When Well-Meaning Activism Goes Horribly Wrong: Stop Patriarchy and the Texans Who Oppose Them

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If you follow Texas reproductive justice activists online, chances are you've heard of Stop Patriarchy and their Abortion Freedom Ride.

Stop Patriarchy appears to have similar goals to those of the grassroots reproductive justice movement in Texas: to bring attention to the devastating cuts to abortion access resulting from the omnibus abortion bill that passed last summer.

So, why are vocal advocates for reproductive justice in Texas and across the country speaking out against them, and asking them to just stay home?

More on the criticisms of Stop Patriarchy below the jump.  For a group ostensibly invested in supporting access to reproductive healthcare in Texas, Stop Patriachy's lack of collaboration with local activists and reproductive justice organizations seems, at the least, suspect. What's more, when Texans expressed their concerns to the group over social media, Stop Patriarchy had little to no interest.

It would seem that Stop Patriarchy is guilty of a mistake many activists have made in an attempt to address inequality. Instead of listening to those directly impacted and engaged in the struggle and finding out how best to offer support, Stop Patriarchy is placing all of their focus on their own idea of what Texans need.

A great example of where this kind of well-meaning but disconnected activism has failed before is in the movement to end Female Genital Cutting. White western feminists recognized a real issue – the cutting of female genitals as a cultural ritual – and went about ending it the only way they knew how. Though their hearts were in the right place, they completely lacked any understanding of how best to address this deeply personal right of passage and it's deep roots in everything from marriage contracts to the economic stability of elderly women.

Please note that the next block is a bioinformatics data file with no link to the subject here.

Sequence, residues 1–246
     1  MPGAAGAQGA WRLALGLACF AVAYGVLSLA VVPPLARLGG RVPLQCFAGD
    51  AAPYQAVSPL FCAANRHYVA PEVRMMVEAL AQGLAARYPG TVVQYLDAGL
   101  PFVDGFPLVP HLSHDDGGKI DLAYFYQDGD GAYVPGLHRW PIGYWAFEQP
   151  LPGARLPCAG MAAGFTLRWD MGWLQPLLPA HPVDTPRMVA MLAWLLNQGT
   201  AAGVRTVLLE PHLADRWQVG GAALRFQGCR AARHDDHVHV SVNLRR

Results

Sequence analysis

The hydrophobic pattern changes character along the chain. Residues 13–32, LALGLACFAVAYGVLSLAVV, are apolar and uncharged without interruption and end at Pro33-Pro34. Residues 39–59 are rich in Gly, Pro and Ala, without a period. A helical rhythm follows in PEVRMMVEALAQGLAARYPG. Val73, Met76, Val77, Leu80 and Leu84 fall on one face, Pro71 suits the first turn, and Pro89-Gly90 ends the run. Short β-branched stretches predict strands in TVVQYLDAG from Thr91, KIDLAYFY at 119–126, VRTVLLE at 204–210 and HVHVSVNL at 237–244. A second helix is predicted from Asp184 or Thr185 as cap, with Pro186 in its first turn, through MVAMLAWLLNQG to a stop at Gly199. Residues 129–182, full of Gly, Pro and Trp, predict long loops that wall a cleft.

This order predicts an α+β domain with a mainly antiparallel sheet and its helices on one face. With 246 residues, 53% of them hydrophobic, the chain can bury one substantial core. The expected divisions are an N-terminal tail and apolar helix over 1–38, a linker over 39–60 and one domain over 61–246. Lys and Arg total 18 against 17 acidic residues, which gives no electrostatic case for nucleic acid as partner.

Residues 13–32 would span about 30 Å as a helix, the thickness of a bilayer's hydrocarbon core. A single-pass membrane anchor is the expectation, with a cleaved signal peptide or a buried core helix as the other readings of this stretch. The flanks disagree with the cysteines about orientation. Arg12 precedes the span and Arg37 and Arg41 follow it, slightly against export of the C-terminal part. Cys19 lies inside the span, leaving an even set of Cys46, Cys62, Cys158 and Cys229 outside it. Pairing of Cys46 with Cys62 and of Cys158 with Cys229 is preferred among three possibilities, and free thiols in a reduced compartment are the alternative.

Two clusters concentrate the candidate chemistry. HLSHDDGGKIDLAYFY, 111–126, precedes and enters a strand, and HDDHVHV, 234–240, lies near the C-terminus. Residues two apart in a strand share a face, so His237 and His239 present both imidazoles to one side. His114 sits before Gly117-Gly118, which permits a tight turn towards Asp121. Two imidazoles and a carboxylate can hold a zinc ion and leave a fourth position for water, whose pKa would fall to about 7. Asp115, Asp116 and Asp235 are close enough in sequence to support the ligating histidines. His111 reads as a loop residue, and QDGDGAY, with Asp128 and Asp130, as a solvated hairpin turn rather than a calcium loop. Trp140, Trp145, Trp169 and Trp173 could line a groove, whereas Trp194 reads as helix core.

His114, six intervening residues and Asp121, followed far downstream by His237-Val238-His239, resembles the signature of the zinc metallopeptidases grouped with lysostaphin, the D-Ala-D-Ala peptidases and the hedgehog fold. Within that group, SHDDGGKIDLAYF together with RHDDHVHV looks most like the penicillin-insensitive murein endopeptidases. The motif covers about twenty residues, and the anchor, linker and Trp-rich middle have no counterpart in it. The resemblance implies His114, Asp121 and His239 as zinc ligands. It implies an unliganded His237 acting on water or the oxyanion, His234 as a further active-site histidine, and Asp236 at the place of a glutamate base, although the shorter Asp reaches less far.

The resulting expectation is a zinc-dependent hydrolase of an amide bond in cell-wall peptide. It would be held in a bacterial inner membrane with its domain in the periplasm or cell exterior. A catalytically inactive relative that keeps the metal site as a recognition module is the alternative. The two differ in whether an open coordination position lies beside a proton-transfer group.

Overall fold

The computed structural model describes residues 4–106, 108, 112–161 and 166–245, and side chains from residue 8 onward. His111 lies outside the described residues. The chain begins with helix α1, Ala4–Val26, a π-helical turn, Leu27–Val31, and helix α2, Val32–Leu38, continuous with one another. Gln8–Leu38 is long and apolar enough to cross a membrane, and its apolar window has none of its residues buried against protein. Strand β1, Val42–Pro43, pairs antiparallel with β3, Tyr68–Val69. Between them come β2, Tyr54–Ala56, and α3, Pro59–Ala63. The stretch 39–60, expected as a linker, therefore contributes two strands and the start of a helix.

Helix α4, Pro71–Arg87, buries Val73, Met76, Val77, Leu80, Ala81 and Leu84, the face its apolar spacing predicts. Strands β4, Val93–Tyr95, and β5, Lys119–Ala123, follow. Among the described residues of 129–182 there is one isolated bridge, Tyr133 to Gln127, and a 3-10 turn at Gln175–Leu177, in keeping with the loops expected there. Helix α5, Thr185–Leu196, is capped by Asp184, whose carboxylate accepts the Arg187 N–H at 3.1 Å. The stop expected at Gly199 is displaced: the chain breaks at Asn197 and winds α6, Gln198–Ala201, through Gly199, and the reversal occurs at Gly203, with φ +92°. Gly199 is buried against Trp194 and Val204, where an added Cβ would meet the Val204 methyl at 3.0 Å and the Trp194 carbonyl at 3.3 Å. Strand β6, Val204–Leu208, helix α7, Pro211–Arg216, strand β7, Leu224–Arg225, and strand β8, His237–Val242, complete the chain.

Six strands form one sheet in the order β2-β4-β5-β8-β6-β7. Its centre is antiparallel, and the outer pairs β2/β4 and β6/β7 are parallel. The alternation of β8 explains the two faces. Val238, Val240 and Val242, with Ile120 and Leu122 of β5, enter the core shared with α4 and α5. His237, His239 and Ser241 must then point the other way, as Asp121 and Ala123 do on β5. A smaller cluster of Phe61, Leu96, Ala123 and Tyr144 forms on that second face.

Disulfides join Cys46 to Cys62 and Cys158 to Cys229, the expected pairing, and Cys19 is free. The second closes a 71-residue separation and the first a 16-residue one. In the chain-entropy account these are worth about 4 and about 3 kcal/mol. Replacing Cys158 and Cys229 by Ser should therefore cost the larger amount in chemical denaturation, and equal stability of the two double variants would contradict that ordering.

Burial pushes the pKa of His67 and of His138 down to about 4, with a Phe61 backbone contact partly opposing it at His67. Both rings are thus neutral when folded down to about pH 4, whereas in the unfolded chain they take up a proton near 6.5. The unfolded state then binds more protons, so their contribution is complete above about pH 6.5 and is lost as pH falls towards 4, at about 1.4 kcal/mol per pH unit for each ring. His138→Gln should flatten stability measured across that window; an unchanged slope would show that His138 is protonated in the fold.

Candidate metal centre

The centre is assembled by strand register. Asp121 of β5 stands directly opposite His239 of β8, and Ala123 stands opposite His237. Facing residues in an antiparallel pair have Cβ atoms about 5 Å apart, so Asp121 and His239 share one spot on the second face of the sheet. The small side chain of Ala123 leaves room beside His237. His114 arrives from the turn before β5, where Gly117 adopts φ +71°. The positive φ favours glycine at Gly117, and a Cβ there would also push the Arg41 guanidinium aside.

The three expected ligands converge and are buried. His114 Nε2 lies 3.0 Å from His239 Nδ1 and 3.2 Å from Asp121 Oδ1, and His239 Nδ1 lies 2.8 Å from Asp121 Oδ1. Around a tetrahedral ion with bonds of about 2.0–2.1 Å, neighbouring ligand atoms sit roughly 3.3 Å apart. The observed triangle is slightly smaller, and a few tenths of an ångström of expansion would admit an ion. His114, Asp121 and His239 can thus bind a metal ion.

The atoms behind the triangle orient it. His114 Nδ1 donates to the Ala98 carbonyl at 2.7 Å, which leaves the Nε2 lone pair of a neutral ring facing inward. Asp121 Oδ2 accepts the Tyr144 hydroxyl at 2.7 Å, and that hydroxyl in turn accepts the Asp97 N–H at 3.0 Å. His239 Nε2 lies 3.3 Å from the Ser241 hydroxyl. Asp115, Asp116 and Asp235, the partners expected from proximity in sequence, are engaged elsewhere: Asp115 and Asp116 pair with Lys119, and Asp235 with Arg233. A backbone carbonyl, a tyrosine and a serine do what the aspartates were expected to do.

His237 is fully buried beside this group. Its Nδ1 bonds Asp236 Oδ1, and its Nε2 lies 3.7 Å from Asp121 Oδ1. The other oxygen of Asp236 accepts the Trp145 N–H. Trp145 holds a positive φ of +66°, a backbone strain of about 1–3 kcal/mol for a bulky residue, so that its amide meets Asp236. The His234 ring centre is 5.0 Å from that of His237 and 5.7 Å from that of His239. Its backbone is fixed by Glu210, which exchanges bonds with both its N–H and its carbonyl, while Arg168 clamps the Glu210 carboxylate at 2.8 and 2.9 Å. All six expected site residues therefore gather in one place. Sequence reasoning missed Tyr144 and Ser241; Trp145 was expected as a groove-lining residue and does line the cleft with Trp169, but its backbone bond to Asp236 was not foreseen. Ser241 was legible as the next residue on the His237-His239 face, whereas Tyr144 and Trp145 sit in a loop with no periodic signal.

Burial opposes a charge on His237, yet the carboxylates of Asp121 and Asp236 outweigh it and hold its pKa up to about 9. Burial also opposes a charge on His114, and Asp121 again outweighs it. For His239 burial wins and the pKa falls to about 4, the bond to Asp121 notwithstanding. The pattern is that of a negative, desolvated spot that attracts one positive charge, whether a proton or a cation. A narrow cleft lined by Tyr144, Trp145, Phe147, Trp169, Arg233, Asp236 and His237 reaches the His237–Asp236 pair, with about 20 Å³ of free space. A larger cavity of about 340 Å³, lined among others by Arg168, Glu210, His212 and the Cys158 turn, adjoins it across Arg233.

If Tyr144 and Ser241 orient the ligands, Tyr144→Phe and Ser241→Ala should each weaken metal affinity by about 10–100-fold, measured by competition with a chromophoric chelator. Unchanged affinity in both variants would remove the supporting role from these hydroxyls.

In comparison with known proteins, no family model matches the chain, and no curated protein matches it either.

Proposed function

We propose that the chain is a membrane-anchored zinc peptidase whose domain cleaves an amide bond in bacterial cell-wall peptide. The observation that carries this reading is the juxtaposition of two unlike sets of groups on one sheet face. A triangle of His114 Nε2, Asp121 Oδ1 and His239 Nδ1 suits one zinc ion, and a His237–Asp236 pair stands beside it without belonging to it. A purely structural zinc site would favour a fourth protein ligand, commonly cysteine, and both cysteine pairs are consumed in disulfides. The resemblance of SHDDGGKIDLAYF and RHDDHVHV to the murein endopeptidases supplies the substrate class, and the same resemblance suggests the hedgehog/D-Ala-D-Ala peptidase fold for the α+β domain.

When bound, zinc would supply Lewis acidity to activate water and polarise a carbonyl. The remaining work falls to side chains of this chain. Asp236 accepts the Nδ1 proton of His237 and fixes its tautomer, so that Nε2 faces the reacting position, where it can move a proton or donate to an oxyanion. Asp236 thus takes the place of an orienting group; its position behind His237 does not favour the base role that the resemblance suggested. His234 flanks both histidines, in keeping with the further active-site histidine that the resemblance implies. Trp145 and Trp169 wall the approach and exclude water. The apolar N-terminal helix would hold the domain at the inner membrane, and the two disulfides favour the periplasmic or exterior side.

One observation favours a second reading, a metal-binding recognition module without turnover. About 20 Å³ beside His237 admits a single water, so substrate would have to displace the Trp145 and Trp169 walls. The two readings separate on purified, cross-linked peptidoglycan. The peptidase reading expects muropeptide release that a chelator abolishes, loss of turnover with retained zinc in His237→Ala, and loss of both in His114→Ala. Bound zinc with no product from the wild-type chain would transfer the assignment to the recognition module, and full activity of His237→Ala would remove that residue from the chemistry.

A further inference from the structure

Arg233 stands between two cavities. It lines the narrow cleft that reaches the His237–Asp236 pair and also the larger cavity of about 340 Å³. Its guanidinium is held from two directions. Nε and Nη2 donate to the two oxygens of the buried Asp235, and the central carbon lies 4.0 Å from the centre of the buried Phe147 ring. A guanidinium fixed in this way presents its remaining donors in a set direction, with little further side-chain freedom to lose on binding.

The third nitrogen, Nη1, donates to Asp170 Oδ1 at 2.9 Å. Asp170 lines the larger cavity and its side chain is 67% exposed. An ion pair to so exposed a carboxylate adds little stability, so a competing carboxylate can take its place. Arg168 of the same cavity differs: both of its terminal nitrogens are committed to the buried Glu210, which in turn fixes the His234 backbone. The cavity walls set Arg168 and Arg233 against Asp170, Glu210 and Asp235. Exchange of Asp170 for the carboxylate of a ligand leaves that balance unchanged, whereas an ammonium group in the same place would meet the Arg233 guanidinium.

The most successful work to end this practice, the most extreme examples of which leave women at the risk of horrific complications from intercourse and childbirth, happened when Western feminists allowed community organizers to lead. Stop Patriarchy sees a real problem in the attack on reproductive healthcare access in Texas, but their complete disinterest in engaging with local organizations or listening to the concerns of Texans already engaged in this struggle makes it clear that they are more invested in their own goals than helping Texans.

This, combined with their fundraising efforts and complete lack of transparency in regards to what happens to the funds they raise, has caused many Texan activists to publicly sign on to a statement of opposition to the group's Abortion Freedom Ride. As author Andrea Grimes explains,

We ask those who want to support the cause of reproductive justice in Texas to contribute their time and their money to local, goal-oriented groups that have trustworthy track records providing resources and services to Texans, rather than donating to a one-off bus tour, with no clear goals or outcomes, conducted by a handful of out-of-state protestors.

This group and their action may not even gain enough traction to have an impact on the conversation around reproductive health in Texas remains to be seen, but their complete refusal to engage with local activists or acknowledge the damage they could cause with their selfish focus speaks for itself.  


About Author

Genevieve Cato

Genevieve Cato is a feminist activist and a native Texan. While not writing for the Burnt Orange Report, she can be found working for NARAL Pro-Choice Texas, serving as a community member of the Communications Committee for the Lilith Fund for Reproductive Equity, and drinking copious amounts of pretentious local craft beers.

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